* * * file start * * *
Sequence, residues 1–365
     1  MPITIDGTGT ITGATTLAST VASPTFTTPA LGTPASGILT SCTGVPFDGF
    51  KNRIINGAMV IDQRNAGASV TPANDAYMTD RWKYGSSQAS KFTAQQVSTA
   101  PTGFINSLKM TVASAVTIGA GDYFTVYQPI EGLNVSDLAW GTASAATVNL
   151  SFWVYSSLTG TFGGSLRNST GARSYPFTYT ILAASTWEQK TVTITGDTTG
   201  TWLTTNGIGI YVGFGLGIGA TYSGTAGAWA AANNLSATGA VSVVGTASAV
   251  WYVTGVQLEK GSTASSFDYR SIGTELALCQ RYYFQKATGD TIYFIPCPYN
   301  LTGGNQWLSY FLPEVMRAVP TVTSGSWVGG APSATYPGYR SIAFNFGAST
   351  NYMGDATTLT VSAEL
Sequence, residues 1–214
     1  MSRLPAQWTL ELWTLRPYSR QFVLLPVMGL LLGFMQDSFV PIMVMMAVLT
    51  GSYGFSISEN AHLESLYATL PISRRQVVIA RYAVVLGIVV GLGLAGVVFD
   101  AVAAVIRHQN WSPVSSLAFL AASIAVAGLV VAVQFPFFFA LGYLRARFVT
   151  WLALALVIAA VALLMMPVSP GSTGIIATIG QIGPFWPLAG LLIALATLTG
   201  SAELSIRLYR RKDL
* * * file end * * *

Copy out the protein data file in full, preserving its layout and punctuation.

Sequence, residues 1–365
     1  MPITIDGTGT ITGATTLAST VASPTFTTPA LGTPASGILT SCTGVPFDGF
    51  KNRIINGAMV IDQRNAGASV TPANDAYMTD RWKYGSSQAS KFTAQQVSTA
   101  PTGFINSLKM TVASAVTIGA GDYFTVYQPI EGLNVSDLAW GTASAATVNL
   151  SFWVYSSLTG TFGGSLRNST GARSYPFTYT ILAASTWEQK TVTITGDTTG
   201  TWLTTNGIGI YVGFGLGIGA TYSGTAGAWA AANNLSATGA VSVVGTASAV
   251  WYVTGVQLEK GSTASSFDYR SIGTELALCQ RYYFQKATGD TIYFIPCPYN
   301  LTGGNQWLSY FLPEVMRAVP TVTSGSWVGG APSATYPGYR SIAFNFGAST
   351  NYMGDATTLT VSAEL
Sequence, residues 1–214
     1  MSRLPAQWTL ELWTLRPYSR QFVLLPVMGL LLGFMQDSFV PIMVMMAVLT
    51  GSYGFSISEN AHLESLYATL PISRRQVVIA RYAVVLGIVV GLGLAGVVFD
   101  AVAAVIRHQN WSPVSSLAFL AASIAVAGLV VAVQFPFFFA LGYLRARFVT
   151  WLALALVIAA VALLMMPVSP GSTGIIATIG QIGPFWPLAG LLIALATLTG
   201  SAELSIRLYR RKDL